Though I've said it a billion times -- if you have some goofy picture slapped together by a PSD jockey before you have semantic markup, your ENTIRE approach to building a website is backwards.... Semantic markup of the content, layout in CSS, THEN you boot up the paint program to hang graphics on it. Slapping together a picture before you even have a logical document structure is just putting the cart before the horse -- and leads you into the trap of "but I can do it in photoshop".

    Seriously, whoever came up with this "draw a pretty picture that has NOTHING to do with a working website" nonsense meets me in a dark alleyway, bad things will happen.

  12. #12
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    In defense of the PSD jockey, its the CLIENT that ask the web to be print. 17of20 clients actual ASK Ads and GDs VERBATIM to do this. So it's difficult to avoid , even if you do know better. I even made the mistake once to show a client clean code of the sight I build for them and a couple of other similar ( semantic-content wise) sites... they went from loving the site to being bitter at the idea that similar semantic-content leads to similar semantic-structure. I believe this is the clash of humanity and tech and can't really be helped... but I dont like the finger pointing.

    Ok, that rant over. The truth is you need to optimize your code on a per case basis.

    As it has been said before if you only have a simple flat bg, you may be able to put it in the HTML tag and use the BODY as a wrapper... but what if you had 3 fades? You also have to consider what happens when the window is shrunk to less than the width of the page... do you have a sticky footer? etc etc....

    The one tip I can give is to begin with content structure.. Some times , you will actually need more tags that you thought.. which can later serve as natural hooks. For example... in you cant put inputs and labels directly within a form tag, they need to be contained in block level elements.

    Once you have the proper semantic structure built , you can group for layout ( floating, and AP)

    after that consider what semantically neutral tags will be needed as image, positioning or replacement hooks, only if you cant do it within the barebone semantic structure... and DONT feel guilty about...

    The true trick at that point is to remember that CSS design is not concrete or linear.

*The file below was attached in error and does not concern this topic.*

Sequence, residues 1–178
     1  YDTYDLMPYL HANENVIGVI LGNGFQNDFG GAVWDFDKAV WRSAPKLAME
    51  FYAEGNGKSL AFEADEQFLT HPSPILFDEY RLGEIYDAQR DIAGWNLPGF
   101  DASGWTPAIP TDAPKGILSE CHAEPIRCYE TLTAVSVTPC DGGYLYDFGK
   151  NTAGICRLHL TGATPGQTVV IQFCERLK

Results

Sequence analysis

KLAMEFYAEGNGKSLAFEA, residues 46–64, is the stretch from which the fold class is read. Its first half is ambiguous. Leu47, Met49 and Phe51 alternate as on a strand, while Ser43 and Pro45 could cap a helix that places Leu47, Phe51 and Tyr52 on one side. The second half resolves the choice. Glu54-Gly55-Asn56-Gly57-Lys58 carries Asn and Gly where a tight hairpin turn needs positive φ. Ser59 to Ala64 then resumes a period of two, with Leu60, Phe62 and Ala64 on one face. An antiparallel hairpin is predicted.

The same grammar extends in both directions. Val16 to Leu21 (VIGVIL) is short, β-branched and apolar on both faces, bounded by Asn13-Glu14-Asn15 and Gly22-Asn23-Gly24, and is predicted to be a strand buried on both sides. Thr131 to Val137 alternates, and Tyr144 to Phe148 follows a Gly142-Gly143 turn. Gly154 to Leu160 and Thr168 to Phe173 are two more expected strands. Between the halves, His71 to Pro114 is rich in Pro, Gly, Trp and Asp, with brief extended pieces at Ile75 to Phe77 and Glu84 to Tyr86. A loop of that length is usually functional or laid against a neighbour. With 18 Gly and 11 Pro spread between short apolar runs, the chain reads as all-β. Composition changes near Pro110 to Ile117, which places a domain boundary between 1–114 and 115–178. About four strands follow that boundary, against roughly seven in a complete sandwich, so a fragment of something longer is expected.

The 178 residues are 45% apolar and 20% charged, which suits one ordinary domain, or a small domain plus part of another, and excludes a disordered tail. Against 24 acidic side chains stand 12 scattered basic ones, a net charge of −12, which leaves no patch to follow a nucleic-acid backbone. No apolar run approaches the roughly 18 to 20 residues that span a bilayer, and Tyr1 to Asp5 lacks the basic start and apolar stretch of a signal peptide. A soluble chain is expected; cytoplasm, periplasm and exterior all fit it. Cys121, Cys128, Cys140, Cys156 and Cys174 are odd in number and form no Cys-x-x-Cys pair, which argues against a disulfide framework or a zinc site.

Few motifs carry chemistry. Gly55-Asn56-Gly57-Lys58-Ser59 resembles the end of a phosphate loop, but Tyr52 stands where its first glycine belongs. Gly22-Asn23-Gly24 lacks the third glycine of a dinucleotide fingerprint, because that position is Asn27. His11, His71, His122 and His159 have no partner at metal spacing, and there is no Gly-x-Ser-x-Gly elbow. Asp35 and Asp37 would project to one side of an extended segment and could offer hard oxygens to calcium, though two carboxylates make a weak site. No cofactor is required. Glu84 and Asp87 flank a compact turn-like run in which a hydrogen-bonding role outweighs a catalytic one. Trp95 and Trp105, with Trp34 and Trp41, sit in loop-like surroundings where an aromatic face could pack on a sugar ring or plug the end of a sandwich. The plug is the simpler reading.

for example: you can border an element ( lets say, for the sake of the example, on the top and bottom) by giving it border-top:, border-bottom: ... you can also achive the same visual effect by giving adjacent elements border-top:, border-bottom:.. each technique has a different effect on the behavior floats, and margin. Normally people (non-designers, designers, print-designers, and some web-designers) apply divide-and-conquer techniques .. where they feel that IF they can get the menu-layout use solved THEN the header issue THEN the footer... they can eventually arrive at their desired layout with reasonably clean code...

    but the thing is in web the design everything affects everything else... so you need to have a holistic and non-purist mindset through the design process ...

  13. #13
    SitePoint Wizard Stomme poes's Avatar
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    In defense of the PSD jockey, its the CLIENT that ask the web to be print. 17of20 clients actual ASK Ads and GDs VERBATIM to do this.
    People wanted fins on cars too. Doesn't mean it wasn't stupid.

    This makes me glad I'm not a freelancer, because it would mean my knowledge would be pointless, ignored, and wasted.



    This points out some interesting differences between merchants and professionals. Of course, it's also advice only large artsy media bureaus with ginormous rich clients can follow, but it's a cute idea. Most of us are stuck on the merchant level, if we want to keep eating and stuff.

  14. #14
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    Quote Originally Posted by Stomme poes View Post
    This points out some interesting differences between merchants and professionals.
    That's a good read, reminds me of "of wolves, sheep and sheepdogs" in it's view in the difference between clients vs. customers -- and Professionals vs. Merchants.

    "But what if you have a capacity for violence and a love of your fellow man? Well, then you're a sheepdog."

  15. #15
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    That's what I was trying to say, Somme and many people still drool when you mention them with fins on cars, btw...

    I find that there is ADDED strain on freelancers, as clients believe them to be a dime a dozen ( "You have such an ego, a guy in India told me he WOULD do MY iPhone site IN FLASH fro 1/10th the price!!!") ...lol.